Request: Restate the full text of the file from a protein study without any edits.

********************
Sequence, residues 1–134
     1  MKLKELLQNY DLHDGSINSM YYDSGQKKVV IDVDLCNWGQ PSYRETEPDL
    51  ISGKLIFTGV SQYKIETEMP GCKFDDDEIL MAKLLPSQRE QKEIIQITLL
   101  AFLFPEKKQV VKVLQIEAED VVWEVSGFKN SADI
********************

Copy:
Sequence, residues 1–134
     1  MKLKELLQNY DLHDGSINSM YYDSGQKKVV IDVDLCNWGQ PSYRETEPDL
    51  ISGKLIFTGV SQYKIETEMP GCKFDDDEIL MAKLLPSQRE QKEIIQITLL
   101  AFLFPEKKQV VKVLQIEAED VVWEVSGFKN SADI